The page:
As an employee, your productivity was measured and compared with your co-workers. Your superior normally did this through some kind of formal appraisal. Your promotion may have depended on these appraisals.
When you become a supervisor, you are measured by the productivity of your department or section. This means your future depends on how well your crew performs. If you employ the human skills that motivate your staff to produce more, you will be recognized for doing a good job. If the opposite happens, your job may be in jeopardy.
To test your understanding, please answer the following in True or False.
|Nothing should receive higher priority than helping an employee reach his or her productivity potential.||True or False|
|A drop in productivity by a reliable employee need not be dealt with immediately as it might cause resentment.||True or False|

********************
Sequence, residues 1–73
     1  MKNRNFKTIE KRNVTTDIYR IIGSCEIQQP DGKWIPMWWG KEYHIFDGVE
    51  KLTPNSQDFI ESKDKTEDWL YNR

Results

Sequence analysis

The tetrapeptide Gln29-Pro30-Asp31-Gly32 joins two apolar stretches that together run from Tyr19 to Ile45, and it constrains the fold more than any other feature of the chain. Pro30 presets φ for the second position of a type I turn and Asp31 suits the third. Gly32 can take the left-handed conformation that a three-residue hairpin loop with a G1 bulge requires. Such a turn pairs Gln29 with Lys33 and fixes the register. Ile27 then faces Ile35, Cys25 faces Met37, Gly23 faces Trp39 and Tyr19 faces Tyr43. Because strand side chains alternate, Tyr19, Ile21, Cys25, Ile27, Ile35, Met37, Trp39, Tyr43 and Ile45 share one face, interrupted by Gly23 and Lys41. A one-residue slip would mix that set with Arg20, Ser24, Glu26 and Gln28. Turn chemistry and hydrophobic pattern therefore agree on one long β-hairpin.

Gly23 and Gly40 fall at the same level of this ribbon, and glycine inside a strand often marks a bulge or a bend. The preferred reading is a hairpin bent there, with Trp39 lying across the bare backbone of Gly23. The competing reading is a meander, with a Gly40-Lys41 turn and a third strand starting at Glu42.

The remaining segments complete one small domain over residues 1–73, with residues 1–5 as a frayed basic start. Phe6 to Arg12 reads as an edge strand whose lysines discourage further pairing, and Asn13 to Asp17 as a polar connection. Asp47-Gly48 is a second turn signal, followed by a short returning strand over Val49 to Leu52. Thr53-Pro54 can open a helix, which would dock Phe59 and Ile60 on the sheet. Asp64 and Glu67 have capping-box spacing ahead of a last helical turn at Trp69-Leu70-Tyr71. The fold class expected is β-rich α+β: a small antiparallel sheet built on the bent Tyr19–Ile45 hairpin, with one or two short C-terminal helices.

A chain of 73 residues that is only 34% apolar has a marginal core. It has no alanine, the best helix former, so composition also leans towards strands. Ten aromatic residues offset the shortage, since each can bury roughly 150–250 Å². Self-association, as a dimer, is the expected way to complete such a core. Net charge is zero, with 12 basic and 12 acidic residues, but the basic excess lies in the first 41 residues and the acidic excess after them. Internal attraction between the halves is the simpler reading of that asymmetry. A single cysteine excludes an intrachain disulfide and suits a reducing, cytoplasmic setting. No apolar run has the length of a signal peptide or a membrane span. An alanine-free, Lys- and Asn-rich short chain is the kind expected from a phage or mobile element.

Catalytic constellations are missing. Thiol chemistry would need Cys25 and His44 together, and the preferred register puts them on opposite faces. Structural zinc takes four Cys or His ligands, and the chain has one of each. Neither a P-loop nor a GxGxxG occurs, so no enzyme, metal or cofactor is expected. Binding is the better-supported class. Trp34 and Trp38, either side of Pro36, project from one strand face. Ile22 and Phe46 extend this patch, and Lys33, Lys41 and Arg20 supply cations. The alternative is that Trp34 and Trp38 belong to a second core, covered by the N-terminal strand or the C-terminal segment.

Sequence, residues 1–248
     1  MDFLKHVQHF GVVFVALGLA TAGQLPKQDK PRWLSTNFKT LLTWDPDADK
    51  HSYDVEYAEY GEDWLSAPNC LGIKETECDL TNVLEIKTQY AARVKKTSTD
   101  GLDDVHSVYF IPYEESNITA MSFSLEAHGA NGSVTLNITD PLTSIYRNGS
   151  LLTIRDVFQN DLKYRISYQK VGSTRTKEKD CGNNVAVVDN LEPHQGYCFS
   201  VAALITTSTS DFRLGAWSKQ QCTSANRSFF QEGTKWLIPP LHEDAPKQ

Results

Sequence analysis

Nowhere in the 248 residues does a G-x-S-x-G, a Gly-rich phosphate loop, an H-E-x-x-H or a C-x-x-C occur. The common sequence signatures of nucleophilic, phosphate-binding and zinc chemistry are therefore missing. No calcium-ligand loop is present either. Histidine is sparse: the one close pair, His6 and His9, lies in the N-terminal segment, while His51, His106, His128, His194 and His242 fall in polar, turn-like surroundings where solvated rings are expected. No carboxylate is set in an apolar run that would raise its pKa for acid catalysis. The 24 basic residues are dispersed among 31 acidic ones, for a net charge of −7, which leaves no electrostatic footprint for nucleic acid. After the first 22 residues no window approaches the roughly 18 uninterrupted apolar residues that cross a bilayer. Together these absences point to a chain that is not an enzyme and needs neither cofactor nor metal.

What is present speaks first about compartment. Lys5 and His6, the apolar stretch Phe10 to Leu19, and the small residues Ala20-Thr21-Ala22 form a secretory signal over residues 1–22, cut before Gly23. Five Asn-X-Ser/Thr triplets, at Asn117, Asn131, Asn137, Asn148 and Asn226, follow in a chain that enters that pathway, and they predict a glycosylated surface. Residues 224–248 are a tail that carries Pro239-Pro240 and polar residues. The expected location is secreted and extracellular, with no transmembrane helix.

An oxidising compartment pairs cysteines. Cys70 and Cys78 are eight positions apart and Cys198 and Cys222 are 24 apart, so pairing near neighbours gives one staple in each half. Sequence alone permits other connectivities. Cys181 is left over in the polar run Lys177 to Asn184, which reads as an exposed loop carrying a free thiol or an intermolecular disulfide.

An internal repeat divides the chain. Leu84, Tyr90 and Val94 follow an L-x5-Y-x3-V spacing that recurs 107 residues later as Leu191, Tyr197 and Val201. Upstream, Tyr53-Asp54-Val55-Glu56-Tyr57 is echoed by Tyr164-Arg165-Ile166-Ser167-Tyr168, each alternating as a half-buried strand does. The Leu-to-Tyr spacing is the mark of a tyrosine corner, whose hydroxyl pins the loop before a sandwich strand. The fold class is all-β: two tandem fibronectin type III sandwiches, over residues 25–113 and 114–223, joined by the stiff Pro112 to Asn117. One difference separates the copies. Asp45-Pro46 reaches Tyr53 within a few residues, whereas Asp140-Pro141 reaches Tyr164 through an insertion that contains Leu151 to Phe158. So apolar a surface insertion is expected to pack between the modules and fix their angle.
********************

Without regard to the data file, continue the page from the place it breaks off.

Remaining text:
|Employees will often produce more for one supervision than for another.||True or False|
|A disruptive employee who reduces the productivity of co-workers must be dealt with immediately.||True or False|
|Some employees with modest personal productivity can help the productivity of others so much that they are highly regarded by supervisors.||True or False|
|Most employees have higher productivity potential than they realise.||True or False|
|Generally speaking, the more employees produce, the better they feel about themselves.||True or False|
|Human skills are easier to learn than technical skills.||True or False|
|A think-smart supervisor can do less personally and still have the highest producing department.||True or False|
|A ‘golden’ employee is the one who produces at a high level, and also contributes measurably to the productivity of co-workers.||True or False|